Home  »  Articles   »   IRBA Seeks Two Members for Investigating Committee

Articles
IRBA Seeks Two Members for Investigating Committee

May 31, 2021

Independent Regulatory Board for Auditors

The Independent Regulatory Board for Auditors (IRBA) seeks two members for its Investigating Committee.

The call for nominations was made in Government Gazette 44615.

IRBA seeks “formerly registered auditors, with at least ten years’ experience in signing audit opinions” to join the Committee and “contribute to restoring confidence in the audit profession”.

The notice points out that the aim of the IRBA is to “endeavor to protect the financial interests of the South African public and international investors in South Africa through the effective and appropriate regulation of audits conducted by registered auditors, in accordance with internationally recognised standards and processes”.

Members of the Committee serve a three-year term with one reappointment.

Nominations of candidates currently independent of the auditing profession are invited until 30 June 2021.

Meanwhile, national treasury has published a Framework for Achieving Spending Efficiency in a Fiscally Constrained Environment.

The document points out that South Africa continues to experience a mismatch between spending plans and revenue outcomes.

“Since the 2008 financial crisis, government spending has been consistently higher than revenue, leading to substantially higher government debt.”

It adds that the recent round of budget reductions is counter-productive in that some programmes become inefficient as a result of large reductions.

This resulted in the discussion on conducting spending reviews.

“Spending reviews help support fiscal rigor and more efficient allocation of expenditures.”

Key objectives of the spending reviews are to improve spending efficiency over the medium term, operational improvements leading to improved programme impact and short-term budget cuts to reduce the budget deficit.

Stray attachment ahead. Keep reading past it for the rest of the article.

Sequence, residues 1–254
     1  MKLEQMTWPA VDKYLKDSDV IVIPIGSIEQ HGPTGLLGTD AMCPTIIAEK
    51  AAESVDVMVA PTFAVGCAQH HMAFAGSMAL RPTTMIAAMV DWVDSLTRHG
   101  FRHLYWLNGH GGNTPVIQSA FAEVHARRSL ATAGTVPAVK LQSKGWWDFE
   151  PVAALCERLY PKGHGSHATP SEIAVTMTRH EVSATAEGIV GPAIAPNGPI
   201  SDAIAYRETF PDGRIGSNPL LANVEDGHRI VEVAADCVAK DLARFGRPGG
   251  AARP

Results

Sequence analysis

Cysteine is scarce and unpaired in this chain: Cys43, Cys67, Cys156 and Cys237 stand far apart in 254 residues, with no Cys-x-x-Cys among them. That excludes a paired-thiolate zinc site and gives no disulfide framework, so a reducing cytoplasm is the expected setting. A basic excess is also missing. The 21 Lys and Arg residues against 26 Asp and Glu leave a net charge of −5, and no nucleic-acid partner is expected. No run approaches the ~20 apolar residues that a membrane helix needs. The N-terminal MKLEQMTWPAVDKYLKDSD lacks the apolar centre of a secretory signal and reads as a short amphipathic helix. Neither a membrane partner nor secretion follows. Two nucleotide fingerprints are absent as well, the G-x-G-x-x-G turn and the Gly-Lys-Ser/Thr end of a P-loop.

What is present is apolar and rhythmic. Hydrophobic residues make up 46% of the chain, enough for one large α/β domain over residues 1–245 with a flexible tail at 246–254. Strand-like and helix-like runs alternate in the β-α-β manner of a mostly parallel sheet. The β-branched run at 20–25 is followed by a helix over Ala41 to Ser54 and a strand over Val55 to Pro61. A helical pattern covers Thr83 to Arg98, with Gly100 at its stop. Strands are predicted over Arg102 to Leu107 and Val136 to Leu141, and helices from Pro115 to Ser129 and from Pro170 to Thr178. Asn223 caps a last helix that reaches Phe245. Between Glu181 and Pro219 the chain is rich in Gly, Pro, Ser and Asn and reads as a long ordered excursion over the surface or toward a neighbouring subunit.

The spending reviews will seek to reallocate spending to match current government priorities; achieve medium to long term improvements in spending efficiency; minimise the impact of spending reduction on service delivery while rapidly reducing the budget deficit and eliminate programmes that are no longer serving their intended purpose.

The document focuses on steps to be considered when thinking about zero-based budgeting (ZBB), implementation of spending reviews, roles and responsibilities, the budget process and initial project plan.

The introduction of ZBB is described as designed to enable “government to improve prioritisation of its spending, mainly towards key policy priorities and growth-enhancing programmes”.

In a separate matter, treasury recently briefed parliament on a guide to understanding major cryptocurrency issues and a regulatory framework.

Key regulatory changes proposed include implementation of the Anti-Money Laundering/ Counter-Terrorism Financing framework, crypto assets declaration and framework for monitoring cross-border financial flows.

Treasury indicated that a recommendation is that the Financial Surveillance Department of the South African Reserve Bank should assume the supervisory and regulatory responsibility for the monitoring of cross-border financial flows in respect of crypto assets and crypto asset service providers (CASP).

It added that the Financial Surveillance Department is currently involved with five use cases in the Regulatory Sandbox.

“The learnings will enable the Department to draft a regulatory framework on how to appoint CASPs and how crypto assets can be reported since currently, due to the nature of the assets, these transactions are currently not reportable on the FinSurv Reporting System.”